Subaru have always struggled when it comes to emissions, in fact, they struggle to sell cars at all in the UK. The new e-Boxer engine hopes to change this.
Last year saw just under 2,700 Subaru’s sold across our country, with numbers that low it makes you wonder how they haven’t pulled out of the market altogether.
A Subaru is a tough offering here in the UK, permanent asynchronous all-wheel drive and CVT gearboxes, two things that people either don’t need or like, alas the former is hardcoded into the brands DNA.
It’s what they do, just not exactly what we always need with our weather.
Another big killer has been emissions over the last few years, the flat-four 2.0 litre lump pumps out 155 of CO2 per km while the 1.6 produces slightly more at 157g/km. Suzuki and Toyota have seen hybridisation work wonders, so now it’s Subaru’s turn.
They’ve done it all in house, the way they want to, no outsourcing of parts has happened. There is however a Toyota Subaru joint EV development underway.
To combat lower than ideal sales, along with the death of their diesel line up comes the e-Boxer.
How does the Subaru e-Boxer engine work?
Beneath the rear seats and boot floor of both the Subaru XV and Forrester sits a 13.5 kWh lithium-ion battery pack. This adds an extra 16.5 BHP to the boxers 148 BHP, making a total of 165.
It’s ‘self-charging’ so there’s no plug-in option available, partly due to the size of the battery. All this extra kit adds just 110 kg to the overall weight of the XV and Forester.
Emissions from the 2.0-litre e-Boxer drop to 149 g/km in the XV and 154 g/km for the Forester, that’s measured on a combined cycle.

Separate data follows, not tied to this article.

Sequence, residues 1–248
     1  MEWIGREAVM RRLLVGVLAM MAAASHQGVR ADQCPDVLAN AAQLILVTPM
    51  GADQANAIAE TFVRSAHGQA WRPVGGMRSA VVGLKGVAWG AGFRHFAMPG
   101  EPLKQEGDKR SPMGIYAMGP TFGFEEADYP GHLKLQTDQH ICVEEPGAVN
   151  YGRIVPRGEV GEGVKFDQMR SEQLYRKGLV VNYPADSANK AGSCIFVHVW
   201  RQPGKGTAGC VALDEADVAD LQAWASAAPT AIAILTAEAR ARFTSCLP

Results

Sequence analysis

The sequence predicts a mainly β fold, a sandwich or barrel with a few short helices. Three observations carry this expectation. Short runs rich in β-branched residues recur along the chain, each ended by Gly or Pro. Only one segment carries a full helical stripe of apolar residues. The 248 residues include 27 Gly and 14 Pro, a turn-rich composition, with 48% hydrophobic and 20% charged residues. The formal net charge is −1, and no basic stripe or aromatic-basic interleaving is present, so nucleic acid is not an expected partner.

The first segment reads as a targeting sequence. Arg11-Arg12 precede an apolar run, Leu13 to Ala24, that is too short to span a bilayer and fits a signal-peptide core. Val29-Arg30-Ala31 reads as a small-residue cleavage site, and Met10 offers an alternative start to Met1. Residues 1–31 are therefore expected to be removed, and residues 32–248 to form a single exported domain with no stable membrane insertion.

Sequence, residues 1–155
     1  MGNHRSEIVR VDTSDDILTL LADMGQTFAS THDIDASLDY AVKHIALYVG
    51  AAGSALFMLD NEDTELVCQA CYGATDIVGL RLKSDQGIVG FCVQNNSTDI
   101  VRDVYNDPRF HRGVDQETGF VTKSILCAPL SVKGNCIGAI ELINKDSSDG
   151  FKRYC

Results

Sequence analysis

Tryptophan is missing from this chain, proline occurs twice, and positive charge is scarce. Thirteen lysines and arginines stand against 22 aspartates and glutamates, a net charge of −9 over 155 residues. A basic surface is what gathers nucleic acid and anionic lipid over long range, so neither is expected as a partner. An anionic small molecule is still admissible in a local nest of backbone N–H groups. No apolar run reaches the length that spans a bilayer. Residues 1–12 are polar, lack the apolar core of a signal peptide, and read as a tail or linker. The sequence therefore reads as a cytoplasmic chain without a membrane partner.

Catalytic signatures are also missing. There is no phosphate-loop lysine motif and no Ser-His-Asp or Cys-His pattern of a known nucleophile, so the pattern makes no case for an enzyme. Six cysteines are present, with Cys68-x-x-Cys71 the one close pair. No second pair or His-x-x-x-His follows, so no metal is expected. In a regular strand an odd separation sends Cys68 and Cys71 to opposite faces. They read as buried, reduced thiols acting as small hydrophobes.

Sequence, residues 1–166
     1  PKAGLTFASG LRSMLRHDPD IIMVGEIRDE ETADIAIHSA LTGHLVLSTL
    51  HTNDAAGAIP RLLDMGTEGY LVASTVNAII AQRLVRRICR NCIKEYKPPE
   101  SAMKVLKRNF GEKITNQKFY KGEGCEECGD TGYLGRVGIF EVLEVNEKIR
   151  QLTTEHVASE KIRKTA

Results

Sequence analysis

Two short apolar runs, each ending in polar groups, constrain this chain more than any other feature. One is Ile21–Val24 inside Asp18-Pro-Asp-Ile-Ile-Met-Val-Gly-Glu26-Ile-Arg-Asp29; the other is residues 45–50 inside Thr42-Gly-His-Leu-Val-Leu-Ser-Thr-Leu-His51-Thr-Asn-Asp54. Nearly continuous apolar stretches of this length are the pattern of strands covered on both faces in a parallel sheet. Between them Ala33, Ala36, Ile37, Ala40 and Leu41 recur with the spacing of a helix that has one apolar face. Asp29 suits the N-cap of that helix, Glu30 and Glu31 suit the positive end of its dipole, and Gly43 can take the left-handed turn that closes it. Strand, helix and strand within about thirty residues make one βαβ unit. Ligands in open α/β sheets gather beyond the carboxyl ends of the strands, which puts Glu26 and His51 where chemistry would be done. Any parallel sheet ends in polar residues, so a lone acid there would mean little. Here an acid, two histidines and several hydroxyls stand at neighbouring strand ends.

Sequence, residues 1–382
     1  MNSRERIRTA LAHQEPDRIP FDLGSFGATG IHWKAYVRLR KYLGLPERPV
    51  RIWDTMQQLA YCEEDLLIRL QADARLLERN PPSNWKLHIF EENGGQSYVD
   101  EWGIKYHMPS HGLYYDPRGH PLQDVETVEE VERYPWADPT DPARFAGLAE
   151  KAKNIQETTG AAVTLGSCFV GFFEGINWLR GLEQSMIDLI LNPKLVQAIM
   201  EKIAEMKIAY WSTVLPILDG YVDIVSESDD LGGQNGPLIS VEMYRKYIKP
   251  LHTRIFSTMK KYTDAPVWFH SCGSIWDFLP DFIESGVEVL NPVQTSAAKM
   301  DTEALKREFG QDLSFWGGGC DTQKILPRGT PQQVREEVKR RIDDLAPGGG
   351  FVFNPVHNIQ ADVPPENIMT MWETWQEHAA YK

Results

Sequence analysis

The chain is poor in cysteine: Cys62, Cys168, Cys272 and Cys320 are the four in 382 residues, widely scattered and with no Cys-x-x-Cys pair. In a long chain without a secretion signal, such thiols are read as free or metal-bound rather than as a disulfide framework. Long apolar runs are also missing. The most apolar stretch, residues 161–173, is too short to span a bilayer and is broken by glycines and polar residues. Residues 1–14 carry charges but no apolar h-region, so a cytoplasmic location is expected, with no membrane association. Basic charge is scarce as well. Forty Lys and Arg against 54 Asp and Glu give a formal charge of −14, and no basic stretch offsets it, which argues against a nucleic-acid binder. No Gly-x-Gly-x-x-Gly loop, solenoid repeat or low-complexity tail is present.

How does the new e-Boxer drive?
Now it can drive on battery power alone up to 25 MPH for around a mile, even though there’s just a small motor in the CVT gearbox. On the whole it helps give the XV and the Forrester a little extra shove when needed, but it packs enough torque to make a difference.
Hitting a sizeable kerb-like step we revved and squeezed the throttle deeper and deeper before the XV dragged us up it.
Put it in ‘X-Mode’ which gives full EV power all the time and the Subaru jumped up like an eager puppy. The slightest of throttle now develops bucketloads of low down torque.
Off-road both the XV and Forrester are untroubled by whatever you throw at them. Steep gravel inclines, sand, mud, ruts and angles up to 30 degrees were all tested on normal, road-going tyres with ease. The abilities of both Subaru’s are second to none when it comes to off-road adventures.
Around town in traffic you notice the e-Boxer’s frugal characteristics. As you approach a junction and lift off the throttle the engine cuts immediately and you coast to a stop, this trips in far sooner than any other vehicle we’ve driven.
Set off again, and the electric motor pushes you off the first few inches, then the petrol lump upfront takes over if you’re eager with the throttle. Keep it steady though, and sedate acceleration will propel you until the engine fires up and takes over.
Being a cynical journalist I wondered how much this mildest of hybrid systems would aid MPG.
To my surprise the XV managed to eke out 34 MPG over our 100 mile drive, while the Forester managed an admirable 35 MPG across fast motorways, gravel tracks and through dense woodland; rather impressive for such a large petrol vehicle with permanent all-wheel drive.
It’s annoying that the hybridisation is so mild, it’s alongside Suzuki’s efforts in the fact that it helps with stop/start, but seldom will it trip in around town. On the whole you won’t notice a massive amount of money-saving, nor higher MPG but emissions will fall.
It is, however, a step in the right direction, and Subaru is planning to electrify their entire lineup over the next few years.
Build quality is second to none as is reliability, yet it’s often overlooked as the leftfield choice when it should get far more recognition.